William Chaffey (the younger) was tried at New Sarum (Salisbury) Assizes, Wiltshire on 19 July 1817 and sentenced to 7 years transportation for picking pockets. (1) He was admitted to the Justitia Hulk at Woolwich on 24 October 1817 and transferred to the convict ship Tottenham
on 25 April 1818 for transportation to New South Wales. He was 22 years old at the time of transportation.  His occupation was later recorded as a cork cutter.
William Chaffey continued his life of petty crime after arrival in New South Wales, managing to escape from custody and roam the bush for a few months in 1826. Over the first twelve years in the colony his crimes escalated from absconding and petty thieving to burglary each with increasing penalties until at last he was sent to the most dreaded penal settlement of the day - Norfolk Island.
On first arriving in New South Wales in 1818 he was sent to Parramatta and assigned to service from there. In 1823 at Airds he committed a robbery and was sent to Port Macquarie.
By 1825 he was again in trouble with the law when he escaped from an Escort with three other men.......
Sydney Gazette 12 December 1825:
Notice - The following persons who stand charged with felony, and were committed to take their trial at the Supreme Criminal Court have escaped from the Escort going from Liverpool to Campbelltown - William Chaffy alias Davis; Thomas (or James) Boyd; and George Gambol, free by servitude; and William Puckridge, a native of the Colony....... All Constables and others are required to use their utmost endeavours to apprehend the said men, they being dangerous characters; and any person found harbouring them after this Public Notice, will be prosecuted with the utmost rigour of the law.
Together with James Boyd, Chaffey made his way to the Hunter River district:
From The Australian 26 April 1826:
Two men named Chaffy and Boyd who had been apprehended at the Coal River and forwarded for examination before the Bench of Magistrates at Liverpool, underwent an examination on Saturday. These men are supposed to have been concerned in the robbery of Mr. Jamison's. One man has been convicted of this robbery. Mr. Jamison having sworn to his identity. Some people think that he was mistaken in the person of the man; and the above two have been ordered to appear before the Bench at Campbelltown in order to give Mr. J. an opportunity of seeing them. These men were under commitment on a charge of stealing some ducks. They escaped from a Campbell Town constable as he was conducting them to gaol.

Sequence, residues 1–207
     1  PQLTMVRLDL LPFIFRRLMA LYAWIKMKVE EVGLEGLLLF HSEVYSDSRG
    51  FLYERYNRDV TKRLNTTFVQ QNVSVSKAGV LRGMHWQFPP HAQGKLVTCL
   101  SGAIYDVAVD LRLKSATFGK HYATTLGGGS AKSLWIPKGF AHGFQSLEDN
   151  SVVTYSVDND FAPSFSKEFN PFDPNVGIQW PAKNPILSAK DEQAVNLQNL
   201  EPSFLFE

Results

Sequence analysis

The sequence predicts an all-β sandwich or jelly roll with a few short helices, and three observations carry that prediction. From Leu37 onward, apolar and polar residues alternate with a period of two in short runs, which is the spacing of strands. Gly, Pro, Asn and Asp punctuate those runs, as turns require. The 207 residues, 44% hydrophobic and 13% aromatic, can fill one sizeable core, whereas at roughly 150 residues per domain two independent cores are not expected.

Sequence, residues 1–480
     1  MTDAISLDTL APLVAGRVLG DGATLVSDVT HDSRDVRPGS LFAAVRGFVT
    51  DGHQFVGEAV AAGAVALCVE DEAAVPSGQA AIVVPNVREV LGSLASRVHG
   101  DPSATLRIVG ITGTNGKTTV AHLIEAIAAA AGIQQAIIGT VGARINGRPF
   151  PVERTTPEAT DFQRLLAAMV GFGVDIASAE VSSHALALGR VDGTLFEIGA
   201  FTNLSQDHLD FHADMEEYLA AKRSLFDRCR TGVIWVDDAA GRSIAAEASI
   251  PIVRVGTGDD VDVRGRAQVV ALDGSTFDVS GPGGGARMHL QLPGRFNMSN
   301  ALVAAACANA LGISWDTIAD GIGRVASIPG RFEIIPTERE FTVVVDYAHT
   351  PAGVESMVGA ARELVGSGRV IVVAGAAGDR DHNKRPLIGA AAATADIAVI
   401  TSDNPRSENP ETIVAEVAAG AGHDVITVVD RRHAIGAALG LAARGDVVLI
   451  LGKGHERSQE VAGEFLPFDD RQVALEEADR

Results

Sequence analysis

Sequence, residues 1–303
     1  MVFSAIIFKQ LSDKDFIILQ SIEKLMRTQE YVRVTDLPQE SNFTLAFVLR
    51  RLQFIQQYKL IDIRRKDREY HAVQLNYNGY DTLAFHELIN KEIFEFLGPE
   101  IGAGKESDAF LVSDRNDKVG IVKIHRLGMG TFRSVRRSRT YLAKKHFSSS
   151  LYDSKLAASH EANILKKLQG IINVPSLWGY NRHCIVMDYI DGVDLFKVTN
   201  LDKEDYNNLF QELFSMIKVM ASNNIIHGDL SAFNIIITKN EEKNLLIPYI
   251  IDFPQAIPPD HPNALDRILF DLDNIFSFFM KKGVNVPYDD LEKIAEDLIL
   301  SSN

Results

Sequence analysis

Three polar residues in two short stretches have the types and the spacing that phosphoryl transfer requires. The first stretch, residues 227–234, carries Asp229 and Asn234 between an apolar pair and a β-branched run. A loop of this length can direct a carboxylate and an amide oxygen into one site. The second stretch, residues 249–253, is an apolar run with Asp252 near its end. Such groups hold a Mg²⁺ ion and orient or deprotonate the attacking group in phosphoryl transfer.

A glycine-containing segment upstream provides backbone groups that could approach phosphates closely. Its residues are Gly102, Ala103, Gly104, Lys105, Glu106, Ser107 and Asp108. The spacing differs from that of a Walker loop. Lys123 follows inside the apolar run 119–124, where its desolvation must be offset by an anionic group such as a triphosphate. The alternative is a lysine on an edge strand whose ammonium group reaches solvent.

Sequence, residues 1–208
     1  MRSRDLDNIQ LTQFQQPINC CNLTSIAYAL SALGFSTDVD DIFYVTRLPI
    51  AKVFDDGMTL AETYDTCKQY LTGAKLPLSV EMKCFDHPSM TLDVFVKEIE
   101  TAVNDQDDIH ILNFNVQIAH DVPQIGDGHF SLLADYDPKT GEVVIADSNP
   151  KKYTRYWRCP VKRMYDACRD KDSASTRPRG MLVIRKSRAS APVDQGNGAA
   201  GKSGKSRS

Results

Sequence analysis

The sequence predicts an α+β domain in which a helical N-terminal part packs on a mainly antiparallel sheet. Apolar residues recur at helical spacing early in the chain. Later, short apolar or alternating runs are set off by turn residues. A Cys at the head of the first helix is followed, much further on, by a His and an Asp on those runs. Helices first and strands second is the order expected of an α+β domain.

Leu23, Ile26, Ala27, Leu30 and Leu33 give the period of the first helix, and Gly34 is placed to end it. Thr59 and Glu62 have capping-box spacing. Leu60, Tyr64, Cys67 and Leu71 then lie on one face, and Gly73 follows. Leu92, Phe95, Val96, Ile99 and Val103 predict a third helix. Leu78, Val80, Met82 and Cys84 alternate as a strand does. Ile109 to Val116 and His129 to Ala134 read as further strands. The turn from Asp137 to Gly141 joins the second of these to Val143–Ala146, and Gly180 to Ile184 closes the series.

In July 1826 the Australian reported.....William Chaffey alias William Davies, and James Boyd, were charged with assaulting Jacob Cooney, a constable, and rescueing themselves from his custody. Jacob Cooney swore — that the two prisoners were delivered into his charge some time ago, under a warrant to convey them to Liverpool Gaol ; that when on the road, the prisoners threw him down on his back, and having rescued the handcuff key from his pocket, handcuffed him to a tree ; they then made their escape, but offered no further violence. They were each sentenced to six months to the House of Correction, to hard labour.
In making their way to the Hunter River area, Chaffey and Boyd would have had little chance of remaining at large. The district was in high alert after the depredations of the infamous Jacob's Irish Brigade
just a few months previously. For the first time horse patrols had been sent to the area and settlers slept with guns at the ready.
William Chaffey was discharged from gaol in January 1827. In November 1828 he was sentenced to twelve months in an iron gang for having stolen property in his possession.. He was sent to No. 3 iron gang at Newcastle and absconded from there in March 1829. He was re-captured and sent to the Lower Branch to complete his sentence.
In 1830 he was convicted of burglary in the house of James Stirling Harrison in Pitt Street, Sydney and a sentence of death recorded was passed against him. He was sent to the hulk at this time, (Sydney Gazette 20 May 1830
) and probably to Norfolk Island from there.
He was at Norfolk Island in 1834 and took part in the prisoner rebellion in that year. Later at the trial presided over by Justice Burton, William Chaffey was found guilty of being an accessory before the fact in the case against ringleader Robert Douglas. 
Twelve prisoners were executed on Norfolk Island after the rebellion; however although Chaffey had been found guilty he escaped execution.
William Chaffey was admitted to Sydney gaol for an unknown crime in 1839.
1. The Salisbury And Winchester Journal and General Advertiser of Wilts, Hants, Dorset, and Somerset.
2. UK, Prison Hulk Registers and Letter Books, 1802-1849 - Ancestry
3. The Australian 8 July 1826
4. Decisions of the Superior Court of NSW. R v. Douglas
5. Account of the trial Sydney Gazette 27 September 1834